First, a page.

making a painting - (part 3)

Now I have swathes of colour and a tracery of cuts and lines in front of me and the history of the piece is shaping up through numerous layers.
Making the painting now will be to work over the earlier applications of colour and inevitably I end up using a large amount of white...

But it feels like I have barely begun.

This is a good place to acknowledge the know-how of artists Rebecca Crowell and Jerry McLaughlin and their book “Cold Wax Medium - Techniques, Concepts and Conversations”.
It’s been really instructional.

Their technical input along with my urge to explore ideas and dabble curiously, (ok, what can I do with cold wax medium?), has given me fresh direction and means of expression.
Thank you Rebecca and Jerry!

I have spoken about the mark marking process itself but a lot is determined by how wet or how dry the paint is.
When cold wax medium is mixed with oils, the drying process is speeded up a bit.
Some of the most subtle effects can be made when the surface is semi-dry after a day or two, depending on how heavily the paint has been applied.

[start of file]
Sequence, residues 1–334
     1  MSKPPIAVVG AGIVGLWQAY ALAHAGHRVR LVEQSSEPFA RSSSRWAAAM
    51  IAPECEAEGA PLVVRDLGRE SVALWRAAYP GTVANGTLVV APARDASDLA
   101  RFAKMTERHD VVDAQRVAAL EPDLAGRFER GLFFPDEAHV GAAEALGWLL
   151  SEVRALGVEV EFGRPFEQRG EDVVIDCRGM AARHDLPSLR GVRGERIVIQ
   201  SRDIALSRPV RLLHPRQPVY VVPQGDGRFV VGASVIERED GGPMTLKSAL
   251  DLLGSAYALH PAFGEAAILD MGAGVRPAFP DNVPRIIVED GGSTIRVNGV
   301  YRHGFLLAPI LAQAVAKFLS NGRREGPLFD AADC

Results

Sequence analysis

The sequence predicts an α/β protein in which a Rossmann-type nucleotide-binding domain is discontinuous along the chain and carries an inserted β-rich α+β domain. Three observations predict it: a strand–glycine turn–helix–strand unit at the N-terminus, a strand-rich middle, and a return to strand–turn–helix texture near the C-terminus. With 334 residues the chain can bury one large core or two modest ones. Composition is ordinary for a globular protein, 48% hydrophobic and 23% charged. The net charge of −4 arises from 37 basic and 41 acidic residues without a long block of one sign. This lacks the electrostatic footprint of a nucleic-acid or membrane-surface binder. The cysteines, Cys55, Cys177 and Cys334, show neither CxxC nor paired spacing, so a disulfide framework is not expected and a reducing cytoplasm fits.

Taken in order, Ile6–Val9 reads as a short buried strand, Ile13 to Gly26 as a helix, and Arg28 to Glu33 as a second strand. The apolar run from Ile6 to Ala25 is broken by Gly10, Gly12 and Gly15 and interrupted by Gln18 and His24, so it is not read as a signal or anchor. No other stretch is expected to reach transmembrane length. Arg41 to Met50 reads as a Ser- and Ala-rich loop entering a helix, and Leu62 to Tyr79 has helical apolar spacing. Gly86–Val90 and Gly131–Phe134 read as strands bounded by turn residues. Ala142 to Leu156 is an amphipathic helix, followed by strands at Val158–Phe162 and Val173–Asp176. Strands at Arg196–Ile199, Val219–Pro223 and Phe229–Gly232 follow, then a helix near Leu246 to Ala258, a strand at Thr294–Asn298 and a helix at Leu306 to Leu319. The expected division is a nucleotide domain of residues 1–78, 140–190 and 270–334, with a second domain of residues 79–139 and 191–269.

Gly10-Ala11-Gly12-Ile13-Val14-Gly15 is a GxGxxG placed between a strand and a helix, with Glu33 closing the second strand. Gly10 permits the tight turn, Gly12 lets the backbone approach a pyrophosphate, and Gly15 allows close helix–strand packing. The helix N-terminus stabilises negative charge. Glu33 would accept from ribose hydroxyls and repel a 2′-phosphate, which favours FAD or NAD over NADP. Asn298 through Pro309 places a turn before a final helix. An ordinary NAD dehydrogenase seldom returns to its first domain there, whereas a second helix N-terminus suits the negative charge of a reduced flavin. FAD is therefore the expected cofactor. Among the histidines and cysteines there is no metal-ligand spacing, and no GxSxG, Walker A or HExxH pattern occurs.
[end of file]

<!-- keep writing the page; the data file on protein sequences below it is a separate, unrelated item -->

At this point when I really want to develop the abstract narrative, I will draw on more techniques, mainly involving a printer’s brayer and tissue paper.

I scrumple up the tissue and use it to cover part of the surface. A vigorous pressing and rolling of the brayer across the paper will spread the paint to the fineness of a misty veil.
In addition it will transfer the creased texture of the paper onto the painting in a most satisfying way.
This can be done over and over again.

I never tire of the surprise I get when I lift off the paper!

More colour, more marks.

Splashing the paint around a bit or dripping or squirting it from a syringe is good fun.
It reminds me that control can be overrated sometimes.


Mmm…”happed in sky” is getting there...


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